Many coffee enthusiasts worldwide consider brewing a cup of coffee an art. For this reason, using specialty machines and brews are recommended to get the most out of a coffee experience. A French Press is just one of these “specialty” machines in America, but it is the coffee brewer of choice in Europe. it can be said that a French Press offers a coffee treat for coffee lovers In America and for many people in the country, it is.
Why About a Drip Machine?
While most Americans are used to the flavor of coffee that is quickly ground, packed and shipped to the local supermarkets, ready to be scooped into the drip machines everyone uses, they do not realize that they are probably drinking a very un-flavorful cup of coffee-despite the “guarantees” of the coffee manufacturer.
The problem is that this quick manufactured, quick brewed coffee is that it has probably been sitting on the shelves for more than a week, the optimal amount of time to use coffee before it goes stale. Once coffee is ground, whether in the manufacturing plant or at home, it must be sued within seven days for optimal taste and freshness. For the best cup of coffee, the beans should be ground within an hour of brewing and this includes beans meant for use in a French Press.
Using the French Press
Stepping out of the typical “brew a pot of mechanically brewed coffee” for a moment, a French Press not only improves on the flavor of the coffee, but it also improves on its freshness if done right. A Typical French Press is a glass or ceramic canister style pot. A metal piece with a hole in the middle for the plunger rests at the top of the press. The user adds the amount of coffee desired, then adds hot-not boiling-water and lets it sit.
The amount of time the coffee sits in the water varies with the grind of the coffee and strength of brew desired. The finer the brew, the less time it should sit in the water; however, if the coffee is ground too fine, some grinds may escape during the extraction process. It is best to use a coarse grind, slightly coarser than the coffee grind used for drip coffee makers and for a stronger brew, let the grinds sit longer or add more to the pot. The person making the coffee than pushes the metal piece with the plunger down trapping the grounds with it as it nears the bottom of the pot. What remains is the liquid coffee.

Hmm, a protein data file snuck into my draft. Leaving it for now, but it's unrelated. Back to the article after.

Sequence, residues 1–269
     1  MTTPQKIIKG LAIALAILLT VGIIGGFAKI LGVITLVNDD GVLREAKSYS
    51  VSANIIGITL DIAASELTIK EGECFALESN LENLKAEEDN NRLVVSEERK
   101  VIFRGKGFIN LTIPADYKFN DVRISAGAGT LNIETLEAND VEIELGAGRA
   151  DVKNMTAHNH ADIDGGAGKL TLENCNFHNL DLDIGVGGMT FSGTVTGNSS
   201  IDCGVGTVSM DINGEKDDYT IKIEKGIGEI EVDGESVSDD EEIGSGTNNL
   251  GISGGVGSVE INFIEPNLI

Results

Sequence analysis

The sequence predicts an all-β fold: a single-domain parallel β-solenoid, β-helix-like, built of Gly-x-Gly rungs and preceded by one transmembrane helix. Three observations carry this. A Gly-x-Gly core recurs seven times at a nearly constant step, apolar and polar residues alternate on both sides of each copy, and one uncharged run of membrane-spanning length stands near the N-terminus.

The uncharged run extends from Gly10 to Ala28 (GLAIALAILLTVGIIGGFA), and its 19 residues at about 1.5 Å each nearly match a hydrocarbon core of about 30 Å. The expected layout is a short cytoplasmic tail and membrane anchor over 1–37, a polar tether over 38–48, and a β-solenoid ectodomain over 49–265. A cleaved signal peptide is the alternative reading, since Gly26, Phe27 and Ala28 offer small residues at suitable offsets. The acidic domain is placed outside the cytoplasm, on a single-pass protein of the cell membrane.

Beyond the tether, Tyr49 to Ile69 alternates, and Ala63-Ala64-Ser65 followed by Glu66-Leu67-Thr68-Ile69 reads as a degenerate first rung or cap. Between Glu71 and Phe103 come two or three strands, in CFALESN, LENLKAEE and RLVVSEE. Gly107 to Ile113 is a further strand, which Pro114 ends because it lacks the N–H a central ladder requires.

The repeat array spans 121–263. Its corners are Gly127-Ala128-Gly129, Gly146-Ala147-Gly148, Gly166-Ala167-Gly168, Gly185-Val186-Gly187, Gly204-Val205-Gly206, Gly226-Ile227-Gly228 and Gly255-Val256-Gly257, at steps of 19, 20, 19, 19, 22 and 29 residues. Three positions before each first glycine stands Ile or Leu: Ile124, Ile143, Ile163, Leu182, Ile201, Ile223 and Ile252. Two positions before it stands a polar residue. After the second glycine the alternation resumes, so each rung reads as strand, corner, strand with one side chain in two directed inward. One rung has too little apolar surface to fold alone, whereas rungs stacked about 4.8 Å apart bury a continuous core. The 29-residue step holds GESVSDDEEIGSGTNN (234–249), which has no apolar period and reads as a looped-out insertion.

Press and Drip Flavor Distinctions
French Press coffee makers leave a distinct taste to the coffee they brew. This is because the coffee grinds sit in the liquid for some time and instead of the filter catching the oils, preventing them from mixing with the liquid, they are incorporated into the liquid upon the extraction process. These oils are what produce such a strong aroma and taste to the coffee; without the oil, the coffee might as well have been watered down.
What many people do not realize, but do once they have treated themselves to a cup of freshly ground French Press style coffee, is that drip coffee makers are fast and convenient, but they make coffee that is tasteless compared to a press. Drip coffee makers use gravity to drip the water over the coffee grounds and into the pot. However, the filters that stop the grounds from falling into the liquid also trap the oils and stop them from mixing with the water, thus leaving most of the fresh taste behind and later in the trash.
A French Press is a convenient way to make fresh coffee that tastes great. One thing is for certain, those who use a French Press and use it properly with fresh ground beans may never want to go back to drinking regular drip coffee again. While it is a treat for many to use a French Press when they have the time, doing so may become a flavorful addiction.